Monday, March 19, 2018

solitude, solidarity and service...

This morning I sat at my local auto tire shop and listened to the folk talk. I was waiting for two new tires, a tire rotation and a spare tire repair. These guys - and they were all guys - are fast, reasonable and honest. I like to go there even though I am like a fish out of water. The conversation centered on our shitty weather, pot holes in the roads like unto the Grand Canyon, and the culinary distinctions between Dennys and TGIFridays. (Apparently, Denny's is the local favorite but we're not getting one where the old Country Kitchen Buffet now stands empty.) It was good to get out. The car needed it and I did too: Breaking out out of my bubble puts me in touch with a world I rarely experience.

Think about it: I was sitting there reading Henri Nouwen listening in on a running commentary about Taco Bel's "spicy fries!" NOBODY I know talks about spicy fries. And, given my proclivities, this led me to a consideration of Nouwen's three-layered spirituality: prayer, worship, engagement. He uses the words "communion, community and commission" by which he means: 1) nourishing an inner journey, 2) making time for worship and acts of caring, and 3) going into the world to share acts of healing and hope. As a mystical Trinitarian, I resonate with this three-in-one and one-in-three spiritual practice. His organizing words, however, don't resonate with me.  I prefer something like solitude, solidarity and service. They seem more direct. Regardless of your preferences, each category holds a wealth of implications.

+ Solitude:  Setting aside time for silence is essential for a mature spiritual life. In the quiet, there is space to listen and feel. There is time to study and reflect. There is a chance for our fears and shame to rise to the surface above our busy distractions long enough for us to maybe realize that we ache for God's grace just like everyone else. Spicy fries or sushi, Jean Vanier got it right when he wrote: "We all have a deep fear of our own weaknesses, because my weakness is what makes it possible for someone else to crush me. So I create mechanisms of defense and compulsion to protect myself. We all have protective systems designed to prevent people from seeing who we are." A regular and disciplined practice of solitude creates a time and a space for us to own our weaknesses. Over time, and very slowly, its possible to learn how to relinquish them, too. Solitude also allows us to cultivate practices like meditation, centering/walking prayer, deep breathing so that we tap into the "love that will not let us go." Nouwen learned that there can be no spiritual maturity without a regular soul care. Call it solitude, communion with the sacred, or prayer: it is the non-negotiable vertical beam of the Cross that unites our hearts with the heart of God.

+ Solidarity:  A faith community is essential, too. It is the horizontal bar of the Cross that keeps us in connection with the Lord of Life. Community is where we share worship. It is where we learn how to care for others and let them care for us. It is a place of safety and challenge, a collection of hearts joined together beyond race, gender and class, in what St. Paul called "the Body of Christ." As in the body of Jesus after the Cross, it is always wounded. Vanier insists that "there are three activities that are absolutely vital in the creation of a community. The first is eating together around the same table. The second is praying together. And the third is celebrating together. By celebrating I mean to laugh, to fool around, to have fun, to give thanks together for life. When we are laughing together with belly laughs we are all the same." Whatever its form - church, synagogue, mosque, ashram, AA - there is a gathering that is structured for the sharing of joys and concerns. Community is where we learn to get over ourselves and welcome others into our bubble.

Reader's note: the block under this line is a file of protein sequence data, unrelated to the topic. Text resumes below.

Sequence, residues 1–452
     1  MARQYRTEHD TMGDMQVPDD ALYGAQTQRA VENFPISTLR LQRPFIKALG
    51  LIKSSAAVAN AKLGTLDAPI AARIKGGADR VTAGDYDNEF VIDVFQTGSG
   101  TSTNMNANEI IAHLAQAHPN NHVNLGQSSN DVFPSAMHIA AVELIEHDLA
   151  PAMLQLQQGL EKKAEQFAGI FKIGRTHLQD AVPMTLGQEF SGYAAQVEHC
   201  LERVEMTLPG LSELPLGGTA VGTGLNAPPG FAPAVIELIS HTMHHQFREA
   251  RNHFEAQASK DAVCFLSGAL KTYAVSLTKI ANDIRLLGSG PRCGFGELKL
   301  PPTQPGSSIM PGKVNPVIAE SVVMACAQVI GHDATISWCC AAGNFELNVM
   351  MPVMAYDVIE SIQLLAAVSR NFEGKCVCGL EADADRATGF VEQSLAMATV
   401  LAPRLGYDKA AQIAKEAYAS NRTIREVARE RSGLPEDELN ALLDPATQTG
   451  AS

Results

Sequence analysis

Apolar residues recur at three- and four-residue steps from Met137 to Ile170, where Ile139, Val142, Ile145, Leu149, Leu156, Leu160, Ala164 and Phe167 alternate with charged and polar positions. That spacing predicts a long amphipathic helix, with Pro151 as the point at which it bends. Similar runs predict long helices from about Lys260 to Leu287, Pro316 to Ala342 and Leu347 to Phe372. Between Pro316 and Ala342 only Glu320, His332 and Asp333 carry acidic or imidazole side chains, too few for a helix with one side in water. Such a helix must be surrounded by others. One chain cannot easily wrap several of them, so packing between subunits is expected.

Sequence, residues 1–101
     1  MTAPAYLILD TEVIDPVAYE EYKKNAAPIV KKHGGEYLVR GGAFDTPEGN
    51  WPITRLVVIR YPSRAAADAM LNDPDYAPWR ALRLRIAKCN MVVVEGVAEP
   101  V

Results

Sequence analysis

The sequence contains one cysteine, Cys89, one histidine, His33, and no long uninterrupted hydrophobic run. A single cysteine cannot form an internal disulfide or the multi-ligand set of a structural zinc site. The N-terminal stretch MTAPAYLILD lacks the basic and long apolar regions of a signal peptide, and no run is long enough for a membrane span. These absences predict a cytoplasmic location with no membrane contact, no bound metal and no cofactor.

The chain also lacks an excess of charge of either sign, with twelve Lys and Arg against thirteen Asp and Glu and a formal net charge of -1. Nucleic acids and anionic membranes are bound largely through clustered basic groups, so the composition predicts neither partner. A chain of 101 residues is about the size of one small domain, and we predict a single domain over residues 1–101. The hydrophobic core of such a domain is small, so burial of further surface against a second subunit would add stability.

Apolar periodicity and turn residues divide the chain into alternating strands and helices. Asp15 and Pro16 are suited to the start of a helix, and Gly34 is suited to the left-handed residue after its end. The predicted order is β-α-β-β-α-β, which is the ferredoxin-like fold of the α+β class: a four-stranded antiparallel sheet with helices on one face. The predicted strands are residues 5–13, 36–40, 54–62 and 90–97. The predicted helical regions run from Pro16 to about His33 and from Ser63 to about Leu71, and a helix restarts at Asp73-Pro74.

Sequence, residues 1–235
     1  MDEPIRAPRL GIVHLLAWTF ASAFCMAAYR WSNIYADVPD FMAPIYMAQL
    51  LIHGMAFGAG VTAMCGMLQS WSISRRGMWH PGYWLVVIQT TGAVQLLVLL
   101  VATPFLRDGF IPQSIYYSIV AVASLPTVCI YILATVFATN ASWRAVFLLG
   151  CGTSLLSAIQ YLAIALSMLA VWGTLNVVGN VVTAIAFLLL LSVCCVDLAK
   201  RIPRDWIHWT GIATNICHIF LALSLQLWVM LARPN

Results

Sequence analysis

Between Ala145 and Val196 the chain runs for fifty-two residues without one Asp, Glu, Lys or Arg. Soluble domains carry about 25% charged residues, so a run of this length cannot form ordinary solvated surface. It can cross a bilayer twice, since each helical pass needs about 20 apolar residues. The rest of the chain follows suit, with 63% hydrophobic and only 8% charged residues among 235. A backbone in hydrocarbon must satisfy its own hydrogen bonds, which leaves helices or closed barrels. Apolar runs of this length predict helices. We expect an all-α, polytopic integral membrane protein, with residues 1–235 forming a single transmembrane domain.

+ Service:  Someone once told me that "mission - that is, engagement in the world through acts of compassion and justice - is how God saves the church from itself." Our communities of faith can quickly become soul gymnasiums, morality museums, or burial societies if our only purpose is to care for ourselves (or our building.) Back in the day, it used to be said that the community of faith was called into existence by the holy to "find a hurt and heal it." In our 21st century, post-Christian world I sense faithful service is all about partnership with those beyond the confines of our comfort zones. And by partnership I mean radical and humble silence in the company of others so that we might listen to the cries of another's suffering; and, sharing our gifts in ways that enflesh justice and hope for all. Bonhoeffer came to understand during his opposition to the Third Reich that we are to live the love of Jesus without calling attention to ourselves. We are to be the flesh of love beyond the ubiquity of "charity" work. Our efforts are not to self-serving but socially sacrificial. 

I am discovering a new balance of solitude, solidarity and service for myself. And one key, I learned today, is simply getting out of my bubble and being in reality as it exists. I like this prayer for the Fifth Sunday of Lent from Vanderbilt University:

Sisters and brothers,
as Jesus, in the days before his passion,
offered prayers and supplications with loud cries and tears,
let us pray for those who suffer, those who are in need,
and those who seek reconciliation.

God of compassion,
you know our faults and yet you promised to forgive.
Keep us in your presence and give us your wisdom.
Open our hearts to gladness,
call dry bones to dance,

and restore to us the joy of your salvation. Amen.


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